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Reflections on Cluster Policies

  • Steven Brakman
  • Charles van Marrewijk

Economic activity tends to cluster. This results in productivity gains. For policy makers this offers an opportunity to formulate and promote policies that foster clustering of economic activity. Paradoxically, although agglomeration rents are often found in empirical research a rationale for cluster policies does not exist. A brief tour through the literature shows that cluster policies face more problems than is often assumed in policy circles. We reflect on the main issues at stake and conclude that, if not carefully applied, cluster policy may do more harm than good.

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Paper provided by CESifo Group Munich in its series CESifo Working Paper Series with number 3963.

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Date of creation: 2012
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Handle: RePEc:ces:ceswps:_3963
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  1. Diego Puga, 2010. "The Magnitude And Causes Of Agglomeration Economies," Journal of Regional Science, Wiley Blackwell, vol. 50(1), pages 203-219.
  2. Pierre-Philippe Combes & Gilles Duranton & Laurent Gobillon & Sébastien Roux, 2008. "Estimating Agglomeration Economies With History, Geology, And Worker Effects," Working Papers halshs-00347451, HAL.
  3. Gilles Duranton, 2007. "Urban Evolutions: The Fast, the Slow, and the Still," American Economic Review, American Economic Association, vol. 97(1), pages 197-221, March.
  4. Beugelsdijk,Sjoerd & Brakman,Steven & Garretsen,Harry & Marrewijk,Charles van, 2013. "International Economics and Business," Cambridge Books, Cambridge University Press, number 9781107654167.
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  7. Ciccone, Antonio & Hall, Robert E, 1996. "Productivity and the Density of Economic Activity," American Economic Review, American Economic Association, vol. 86(1), pages 54-70, March.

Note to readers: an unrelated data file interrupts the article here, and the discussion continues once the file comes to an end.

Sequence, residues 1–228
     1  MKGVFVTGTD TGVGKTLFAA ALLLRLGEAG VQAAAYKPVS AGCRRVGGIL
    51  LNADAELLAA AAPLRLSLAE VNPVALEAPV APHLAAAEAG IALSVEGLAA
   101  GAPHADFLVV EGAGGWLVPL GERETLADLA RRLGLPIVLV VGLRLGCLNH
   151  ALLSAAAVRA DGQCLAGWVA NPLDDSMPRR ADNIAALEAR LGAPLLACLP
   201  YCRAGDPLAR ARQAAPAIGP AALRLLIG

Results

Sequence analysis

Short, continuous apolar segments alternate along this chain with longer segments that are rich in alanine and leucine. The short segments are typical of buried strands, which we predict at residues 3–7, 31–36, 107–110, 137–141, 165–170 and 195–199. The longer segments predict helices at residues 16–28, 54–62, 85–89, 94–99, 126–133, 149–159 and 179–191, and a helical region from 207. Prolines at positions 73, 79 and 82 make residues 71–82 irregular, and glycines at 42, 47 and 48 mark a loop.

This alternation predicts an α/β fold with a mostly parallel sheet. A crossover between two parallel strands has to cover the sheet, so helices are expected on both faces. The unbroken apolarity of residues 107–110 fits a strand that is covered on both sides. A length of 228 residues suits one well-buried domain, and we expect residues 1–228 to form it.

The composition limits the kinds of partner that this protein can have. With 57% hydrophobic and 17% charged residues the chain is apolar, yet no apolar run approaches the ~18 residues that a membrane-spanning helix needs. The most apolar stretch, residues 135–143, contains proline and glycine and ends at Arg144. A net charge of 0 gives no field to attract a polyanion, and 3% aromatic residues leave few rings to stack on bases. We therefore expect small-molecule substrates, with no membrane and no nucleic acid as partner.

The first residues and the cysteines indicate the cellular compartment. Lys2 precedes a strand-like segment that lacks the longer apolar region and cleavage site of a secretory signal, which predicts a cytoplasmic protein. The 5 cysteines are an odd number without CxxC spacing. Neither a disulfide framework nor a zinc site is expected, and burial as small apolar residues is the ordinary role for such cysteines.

8. Fabrizio Barca & Philip McCann & Andrés Rodríguez-Pose, 2011. "The case for regional development intervention: Place-based versus place-neutral approaches," Working Papers 2011-15, Instituto Madrileño de Estudios Avanzados (IMDEA) Ciencias Sociales.
  9. Beugelsdijk,Sjoerd & Brakman,Steven & Garretsen,Harry & Marrewijk,Charles van, 2013. "International Economics and Business," Cambridge Books, Cambridge University Press, number 9781107036727.
  10. Marshall, Alfred, 1890. "The Principles of Economics," History of Economic Thought Books, McMaster University Archive for the History of Economic Thought, number marshall1890.
  11. Briant, Anthony & Combes, Pierre-Philippe & Lafourcade, Miren, 2008. "Dots to Boxes: Do the Size and Shape of Spatial Units Jeopardize Economic Geography Estimations?," CEPR Discussion Papers 6928, C.E.P.R. Discussion Papers.
  12. Stuart S. Rosenthal & William C. Strange, 2008. "Agglomeration and Hours Worked," The Review of Economics and Statistics, MIT Press, vol. 90(1), pages 105-118, February.
  13. Ron Martin & Peter Sunley, 2002. "Deconstructing Clusters: Chaotic Concept or Policy Panacea," ESRC Centre for Business Research - Working Papers wp244, ESRC Centre for Business Research.
  14. Krugman, Paul, 1991. "Increasing Returns and Economic Geography," Journal of Political Economy, University of Chicago Press, vol. 99(3), pages 483-99, June.
  15. Combes, Pierre-Philippe & Duranton, Gilles & Gobillon, Laurent, 2008. "Spatial wage disparities: Sorting matters!," Journal of Urban Economics, Elsevier, vol. 63(2), pages 723-742, March.
  16. Melo, Patricia C. & Graham, Daniel J. & Noland, Robert B., 2009. "A meta-analysis of estimates of urban agglomeration economies," Regional Science and Urban Economics, Elsevier, vol. 39(3), pages 332-342, May.
  17. Guido de Blasio & Sabrina Di Addario, 2005. "Do Workers Benefit from Industrial Agglomeration?," Journal of Regional Science, Wiley Blackwell, vol. 45(4), pages 797-827.
  18. Timothy Sturgeon & Johannes Van Biesebroeck & Gary Gereffi, 2008. "Value chains, networks and clusters: reframing the global automotive industry," Journal of Economic Geography, Oxford University Press, vol. 8(3), pages 297-321, May.
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